Neutral Realist

 

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Category: Trinidad Politics 04 Nov 07
 

Christmas-type breezes and early darkening skies mingle with election excitement. At one level we are like old and wise people who have seen it all and can predict, given our country’s racial split, that this three-way race will end in tears for one courageous leader, in happy opposition for two jet-setters and a soaring victory for the fourth who is set to snuggle down comfortably in the prime minister’s house in the small hours of November 6.

At another level we are still children, wondering if there is a wild card, a secret somewhere amidst ourselves that will be revealed on November 5.

I still feel uncomfortable that the results are so obvious. I predicted the exact results suggested by the Nacta poll to an angry COP supporter and I am not a political analyst. Just a neutral realist.

I realise that cynicism is death to idealism and if everyone thought like me there would be no change, no hope and no new movement. Sometimes you need to bury your head in the sand to burrow for change from below.

In the glory days of Selby Wilson (one of our best finance ministers in the NAR, a truly golden era when people everywhere demonstrated the might of the vote, rejected tribalism and united for change) we knew that it didn’t matter which government came into power they were going to have to do as the IMF told them to do in return for lending us money.

Our politics were not of the left, or the right, not liberal or conservative, or labour. Our politics were “Conditionalities” of the IMF.

I feel sorry for our politicians and I feel sorrier for the electorate.

Weepy nostalgia

The NAR phenomenon apart, our politicians never matured. They led like children gone mad in a free sweet shop with one eye on controlling and stealing the goodies and the other on keeping the hoards who elected them tame (quiet and unquestioning) with freebies from make-work programmes.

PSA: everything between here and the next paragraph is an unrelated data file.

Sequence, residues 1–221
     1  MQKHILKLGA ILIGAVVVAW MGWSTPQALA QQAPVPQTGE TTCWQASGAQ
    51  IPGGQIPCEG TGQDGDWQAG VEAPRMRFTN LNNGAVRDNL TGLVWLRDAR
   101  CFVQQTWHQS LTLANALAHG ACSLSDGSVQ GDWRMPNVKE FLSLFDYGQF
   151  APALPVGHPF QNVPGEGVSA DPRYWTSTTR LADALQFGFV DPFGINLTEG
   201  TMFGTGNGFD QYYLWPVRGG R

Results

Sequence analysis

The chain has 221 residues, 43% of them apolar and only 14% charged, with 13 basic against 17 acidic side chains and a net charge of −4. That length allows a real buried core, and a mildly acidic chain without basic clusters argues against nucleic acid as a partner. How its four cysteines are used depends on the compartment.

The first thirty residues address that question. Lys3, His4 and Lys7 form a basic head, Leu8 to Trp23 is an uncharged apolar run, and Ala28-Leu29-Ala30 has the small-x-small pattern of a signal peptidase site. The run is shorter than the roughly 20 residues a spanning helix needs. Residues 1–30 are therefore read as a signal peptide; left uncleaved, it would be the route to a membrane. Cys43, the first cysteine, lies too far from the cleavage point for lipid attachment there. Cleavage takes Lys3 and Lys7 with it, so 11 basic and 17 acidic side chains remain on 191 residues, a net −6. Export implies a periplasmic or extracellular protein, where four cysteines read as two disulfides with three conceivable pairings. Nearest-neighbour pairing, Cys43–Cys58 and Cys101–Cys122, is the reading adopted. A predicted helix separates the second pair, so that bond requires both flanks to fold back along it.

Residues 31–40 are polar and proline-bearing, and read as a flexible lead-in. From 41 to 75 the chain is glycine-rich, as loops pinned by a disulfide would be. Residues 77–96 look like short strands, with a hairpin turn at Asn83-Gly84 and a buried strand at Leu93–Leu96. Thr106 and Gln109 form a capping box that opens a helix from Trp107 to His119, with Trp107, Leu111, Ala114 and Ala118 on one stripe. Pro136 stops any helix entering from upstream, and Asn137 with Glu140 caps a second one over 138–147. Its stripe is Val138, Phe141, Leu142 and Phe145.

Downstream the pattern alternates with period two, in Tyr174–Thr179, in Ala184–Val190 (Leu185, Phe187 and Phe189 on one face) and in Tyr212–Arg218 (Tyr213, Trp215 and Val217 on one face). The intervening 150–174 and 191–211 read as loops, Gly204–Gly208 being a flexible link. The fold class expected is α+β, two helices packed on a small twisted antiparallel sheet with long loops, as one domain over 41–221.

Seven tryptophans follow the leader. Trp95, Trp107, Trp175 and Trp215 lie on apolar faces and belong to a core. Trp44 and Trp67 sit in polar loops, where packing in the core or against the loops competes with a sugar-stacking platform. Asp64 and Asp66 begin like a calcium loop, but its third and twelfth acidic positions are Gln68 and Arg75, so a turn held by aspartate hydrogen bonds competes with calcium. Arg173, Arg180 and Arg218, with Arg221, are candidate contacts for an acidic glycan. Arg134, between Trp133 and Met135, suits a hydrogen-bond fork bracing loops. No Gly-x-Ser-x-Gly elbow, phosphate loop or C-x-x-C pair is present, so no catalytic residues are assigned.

Like abandoned semi-literate children, we were never given a chance to see what sort of politics suited us. We were never educated about what we should look for in a representative. The representative was never educated about what he should do for his constituency.

We were taught to aspire for material gains in the west, but didn’t know how to work for it, or agitate for a government that was going to allow us to get there.

One thing kept the wheels oiled and rolling. Race. Politicians found it easy and voters found it easy. We never moved beyond the ABC of politics.

We voted like sheep then, for people of our own race, and we are going to vote like sheep again.

But one area where the world hasn’t been able to touch us is our tolerance. Despite the damage politicians have done with racial politics we have had six free and fair elections. Given our demographic racial split it is astonishing how free we are of violence in crowds of thousands, whether we are voting or drinking.

Apart from our young boys killing one another for drugs or “make work” turf, the high functional illiteracy and lack of sustainable jobs, which impoverishes people mentally as well as materially, we are an incredible twin nation.

At this time of year, our country is particularly beautiful. Soft light, cool breezes—our hills, coastline, lush foliage, elicit the kind of weepy nostalgia only a lost love can.

I already know the outcome of the elections. Yet, I am watching. Hoping we will respect one another as we always have done and keep the peace rising as we always have, above “the thugs” and “the politics.”

 

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All Articles Copyright Ira Mathur